Indiana Gov. Mike Pence (R) is calling for a legislative “fix” to a controversial religious liberty law that has sparked national outcry.
During a Tuesday press conference, Pence said he has been working with lawmakers “literally around the clock” for the past several days to make clear the new Indiana law does not permit discrimination against LGBT people.
“Clearly, clearly there’s been misunderstanding and confusion and mischaracterization and I come before you today to say how we’re going to address that,” Pence said, who signed the bill into law on Thursday. “Was I expecting this kind of backlash? Heavens, no!”
Pence called on the general assembly to move legislation and have a bill on his desk by the end of this week clarifying the new law does not give businesses the right to deny services to gay people.
“I don’t believe for a minute that it was the intention of the general assembly to create a right to discriminate and it certainly wasn’t my intent,” Pence said. “I don’t support discrimination against gays or lesbians or anyone else. I abhor discrimination.”
Indiana has faced mounting backlash since the bill was signed last week from across corporate America and the political spectrum. On Monday, even Connecticut joined the boycott by prohibiting state-funded travel to Indiana. Pence, however, said he has taken offense to that backlash, telling reporters it has stemmed entirely from mischaracterizations by opponents of the law and “sloppy reporting” by the national press. “This law has been smeared,” he said, blaming a perception problem that has taken hold across the country that he has found “deeply offensive.”
Nevertheless, Pence would not give a direct answer to repeated questions on whether the new law would allow business owners who provide services to weddings, such as florists, bakers and photographers, to refuse service to same-sex couples on the basis of their religious beliefs. Pence insisted the bill was more a product of the Supreme Court’s decision in the Hobby Lobby case, in which the justices found some religious employers can refuse to pay for insurance coverage of contraception under the federal Religious Freedom Restoration Act, rather than the arrival of marriage equality in Indiana last year.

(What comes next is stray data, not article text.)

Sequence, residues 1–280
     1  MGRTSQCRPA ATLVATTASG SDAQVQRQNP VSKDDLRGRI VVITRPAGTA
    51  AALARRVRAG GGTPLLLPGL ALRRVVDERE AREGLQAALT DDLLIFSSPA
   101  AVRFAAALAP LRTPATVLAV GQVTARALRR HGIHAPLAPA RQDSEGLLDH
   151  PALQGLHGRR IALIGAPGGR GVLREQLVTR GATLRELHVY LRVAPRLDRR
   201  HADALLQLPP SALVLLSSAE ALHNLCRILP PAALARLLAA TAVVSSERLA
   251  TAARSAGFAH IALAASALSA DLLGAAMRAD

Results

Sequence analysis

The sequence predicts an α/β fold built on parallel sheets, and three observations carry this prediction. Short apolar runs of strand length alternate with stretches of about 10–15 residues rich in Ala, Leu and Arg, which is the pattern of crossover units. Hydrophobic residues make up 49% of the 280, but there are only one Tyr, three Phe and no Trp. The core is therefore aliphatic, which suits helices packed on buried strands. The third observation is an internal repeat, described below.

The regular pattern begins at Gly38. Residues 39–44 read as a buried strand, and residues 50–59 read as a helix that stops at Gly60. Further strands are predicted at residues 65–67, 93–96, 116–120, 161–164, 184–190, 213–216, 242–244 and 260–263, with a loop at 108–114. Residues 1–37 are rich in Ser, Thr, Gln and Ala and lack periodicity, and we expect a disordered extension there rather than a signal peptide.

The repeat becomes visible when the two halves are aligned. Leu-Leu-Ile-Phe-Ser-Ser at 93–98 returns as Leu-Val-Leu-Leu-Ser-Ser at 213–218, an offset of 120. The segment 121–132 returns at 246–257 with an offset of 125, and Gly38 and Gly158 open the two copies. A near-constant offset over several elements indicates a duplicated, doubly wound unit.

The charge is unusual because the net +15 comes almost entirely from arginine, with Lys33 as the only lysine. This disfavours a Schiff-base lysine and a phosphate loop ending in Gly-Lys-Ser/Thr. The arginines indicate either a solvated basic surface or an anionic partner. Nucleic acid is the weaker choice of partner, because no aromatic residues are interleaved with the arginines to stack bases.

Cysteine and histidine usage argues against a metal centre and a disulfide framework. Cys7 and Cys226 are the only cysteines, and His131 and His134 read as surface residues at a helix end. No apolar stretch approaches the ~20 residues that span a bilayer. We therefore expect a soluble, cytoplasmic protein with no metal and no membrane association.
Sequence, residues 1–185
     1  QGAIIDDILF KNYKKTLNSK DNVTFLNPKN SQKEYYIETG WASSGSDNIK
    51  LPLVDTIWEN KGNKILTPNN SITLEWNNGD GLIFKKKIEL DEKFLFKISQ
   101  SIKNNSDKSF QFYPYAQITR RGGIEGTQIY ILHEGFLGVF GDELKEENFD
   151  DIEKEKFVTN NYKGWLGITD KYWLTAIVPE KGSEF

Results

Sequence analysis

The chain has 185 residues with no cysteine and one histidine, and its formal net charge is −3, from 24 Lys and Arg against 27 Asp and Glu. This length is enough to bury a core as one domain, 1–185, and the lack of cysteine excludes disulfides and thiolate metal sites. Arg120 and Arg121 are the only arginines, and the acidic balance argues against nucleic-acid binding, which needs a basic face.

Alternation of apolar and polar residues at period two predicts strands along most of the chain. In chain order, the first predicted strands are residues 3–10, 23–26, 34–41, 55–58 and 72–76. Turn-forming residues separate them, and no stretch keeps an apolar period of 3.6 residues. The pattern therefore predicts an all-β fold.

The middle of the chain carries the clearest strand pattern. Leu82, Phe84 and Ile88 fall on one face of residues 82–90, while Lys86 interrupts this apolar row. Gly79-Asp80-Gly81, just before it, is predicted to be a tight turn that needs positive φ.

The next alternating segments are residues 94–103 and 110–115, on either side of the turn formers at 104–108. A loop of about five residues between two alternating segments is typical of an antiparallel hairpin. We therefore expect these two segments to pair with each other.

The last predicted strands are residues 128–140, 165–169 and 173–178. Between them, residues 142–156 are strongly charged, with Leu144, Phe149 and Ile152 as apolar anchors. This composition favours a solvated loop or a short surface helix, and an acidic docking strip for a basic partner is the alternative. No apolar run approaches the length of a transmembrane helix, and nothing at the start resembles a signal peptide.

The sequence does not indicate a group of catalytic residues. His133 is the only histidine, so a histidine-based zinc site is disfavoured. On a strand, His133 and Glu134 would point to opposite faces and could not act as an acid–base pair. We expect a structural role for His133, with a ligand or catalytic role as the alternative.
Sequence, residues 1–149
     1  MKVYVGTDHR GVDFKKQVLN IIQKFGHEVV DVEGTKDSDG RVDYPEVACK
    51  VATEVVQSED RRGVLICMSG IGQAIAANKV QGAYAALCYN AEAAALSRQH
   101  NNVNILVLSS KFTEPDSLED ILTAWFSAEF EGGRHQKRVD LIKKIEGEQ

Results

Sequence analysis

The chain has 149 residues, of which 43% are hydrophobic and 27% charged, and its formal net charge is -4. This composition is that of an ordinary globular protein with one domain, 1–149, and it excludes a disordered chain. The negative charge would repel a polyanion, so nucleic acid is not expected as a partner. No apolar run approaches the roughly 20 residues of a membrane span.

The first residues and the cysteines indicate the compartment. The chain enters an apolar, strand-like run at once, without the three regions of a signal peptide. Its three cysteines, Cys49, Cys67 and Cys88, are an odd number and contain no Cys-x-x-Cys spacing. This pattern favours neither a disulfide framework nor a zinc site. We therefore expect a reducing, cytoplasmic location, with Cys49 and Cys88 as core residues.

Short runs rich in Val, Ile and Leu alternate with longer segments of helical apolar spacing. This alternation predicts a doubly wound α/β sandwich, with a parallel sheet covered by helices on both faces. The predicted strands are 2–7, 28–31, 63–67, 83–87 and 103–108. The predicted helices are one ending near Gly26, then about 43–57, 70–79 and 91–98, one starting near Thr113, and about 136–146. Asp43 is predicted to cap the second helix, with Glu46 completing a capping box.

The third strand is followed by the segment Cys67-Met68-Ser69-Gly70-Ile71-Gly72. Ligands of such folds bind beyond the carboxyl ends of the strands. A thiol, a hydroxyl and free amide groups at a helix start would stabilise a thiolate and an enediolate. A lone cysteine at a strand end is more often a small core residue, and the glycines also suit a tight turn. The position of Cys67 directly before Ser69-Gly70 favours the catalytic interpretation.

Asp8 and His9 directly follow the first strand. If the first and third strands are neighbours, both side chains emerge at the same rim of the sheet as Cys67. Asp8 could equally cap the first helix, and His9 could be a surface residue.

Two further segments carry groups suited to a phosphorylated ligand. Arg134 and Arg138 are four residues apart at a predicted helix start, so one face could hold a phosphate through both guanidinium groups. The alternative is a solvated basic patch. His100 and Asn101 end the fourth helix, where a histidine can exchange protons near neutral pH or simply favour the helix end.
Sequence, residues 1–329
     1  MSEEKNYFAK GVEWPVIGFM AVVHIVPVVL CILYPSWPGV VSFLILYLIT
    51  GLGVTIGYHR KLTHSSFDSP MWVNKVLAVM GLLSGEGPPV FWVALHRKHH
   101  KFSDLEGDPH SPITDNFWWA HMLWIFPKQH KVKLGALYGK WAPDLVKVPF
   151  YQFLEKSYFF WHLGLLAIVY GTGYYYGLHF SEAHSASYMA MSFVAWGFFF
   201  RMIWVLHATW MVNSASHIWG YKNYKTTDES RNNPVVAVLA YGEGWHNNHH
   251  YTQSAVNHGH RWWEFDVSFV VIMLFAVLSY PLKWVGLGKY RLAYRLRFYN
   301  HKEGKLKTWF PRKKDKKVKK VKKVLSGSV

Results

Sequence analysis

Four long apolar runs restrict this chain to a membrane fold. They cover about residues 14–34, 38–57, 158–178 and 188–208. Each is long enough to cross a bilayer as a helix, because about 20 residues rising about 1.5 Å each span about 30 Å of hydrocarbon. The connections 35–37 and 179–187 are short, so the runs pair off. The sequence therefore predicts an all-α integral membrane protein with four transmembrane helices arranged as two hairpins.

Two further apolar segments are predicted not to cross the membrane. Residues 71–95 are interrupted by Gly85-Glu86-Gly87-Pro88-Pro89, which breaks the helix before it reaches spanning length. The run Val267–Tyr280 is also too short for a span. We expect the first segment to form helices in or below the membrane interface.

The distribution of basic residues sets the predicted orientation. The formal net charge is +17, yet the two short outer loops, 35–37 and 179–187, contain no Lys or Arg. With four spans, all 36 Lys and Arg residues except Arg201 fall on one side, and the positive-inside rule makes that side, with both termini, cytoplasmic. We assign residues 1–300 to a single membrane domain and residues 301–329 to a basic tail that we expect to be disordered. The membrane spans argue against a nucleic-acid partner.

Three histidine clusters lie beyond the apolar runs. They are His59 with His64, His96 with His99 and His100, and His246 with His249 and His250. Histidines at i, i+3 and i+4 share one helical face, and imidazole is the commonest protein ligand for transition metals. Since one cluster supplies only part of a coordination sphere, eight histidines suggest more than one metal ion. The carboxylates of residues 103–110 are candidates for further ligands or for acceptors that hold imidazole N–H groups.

But while Pence has proposed a “fix” to the law — the language of which has not yet been revealed — it is unlikely to quell all of those who have criticized the bill. Indiana’s religious freedom law is far broader than those on the books in other states. And unlike the federal Religious Freedom Restoration Act signed by President Bill Clinton in 1993, which Pence cited numerous times during his press conference, the Indiana law is explicit in allowing individuals to cite the state law in private lawsuits where the government is not party to the case. Moreover, Indiana has no statewide LGBT nondiscrimination protections. Many LGBT-rights advocates have insisted the only viable fix to the bill, other than full repeal, is for Indiana to adopt nondiscrimination protections for LGBT people.
Asked if he would sign into law such protections if they reached his desk, Pence demurred. And while repeating that he abhors discrimination, Pence said he has never supported nondiscrimination protections for LGBT people, that it is not on his agenda and that he believes it is a completely separate question from the religious liberty issue.
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